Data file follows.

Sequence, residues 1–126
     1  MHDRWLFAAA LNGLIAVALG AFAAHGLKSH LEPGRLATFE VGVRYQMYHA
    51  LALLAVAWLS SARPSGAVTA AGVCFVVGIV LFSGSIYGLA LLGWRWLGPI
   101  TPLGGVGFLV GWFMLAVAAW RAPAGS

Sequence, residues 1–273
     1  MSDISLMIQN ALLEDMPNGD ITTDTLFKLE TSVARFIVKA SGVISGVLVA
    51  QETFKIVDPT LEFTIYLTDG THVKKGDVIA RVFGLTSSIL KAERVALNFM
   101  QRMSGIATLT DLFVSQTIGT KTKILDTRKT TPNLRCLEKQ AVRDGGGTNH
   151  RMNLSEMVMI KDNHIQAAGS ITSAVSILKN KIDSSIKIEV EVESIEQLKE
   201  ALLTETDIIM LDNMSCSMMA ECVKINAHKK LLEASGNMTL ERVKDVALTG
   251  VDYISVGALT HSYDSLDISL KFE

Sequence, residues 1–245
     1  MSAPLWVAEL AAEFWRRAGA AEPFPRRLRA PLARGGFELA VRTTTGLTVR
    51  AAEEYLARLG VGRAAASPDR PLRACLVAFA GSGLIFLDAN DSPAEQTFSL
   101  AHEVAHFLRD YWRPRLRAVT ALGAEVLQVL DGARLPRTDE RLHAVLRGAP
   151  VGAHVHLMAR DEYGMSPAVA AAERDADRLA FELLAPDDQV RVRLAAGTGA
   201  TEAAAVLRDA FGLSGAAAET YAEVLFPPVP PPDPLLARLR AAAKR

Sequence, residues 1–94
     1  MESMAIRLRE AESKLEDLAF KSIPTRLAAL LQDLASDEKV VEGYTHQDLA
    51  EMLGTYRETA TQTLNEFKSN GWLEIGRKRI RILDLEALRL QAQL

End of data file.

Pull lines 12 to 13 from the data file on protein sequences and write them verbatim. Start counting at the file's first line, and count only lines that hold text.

Sequence, residues 1–245
     1  MSAPLWVAEL AAEFWRRAGA AEPFPRRLRA PLARGGFELA VRTTTGLTVR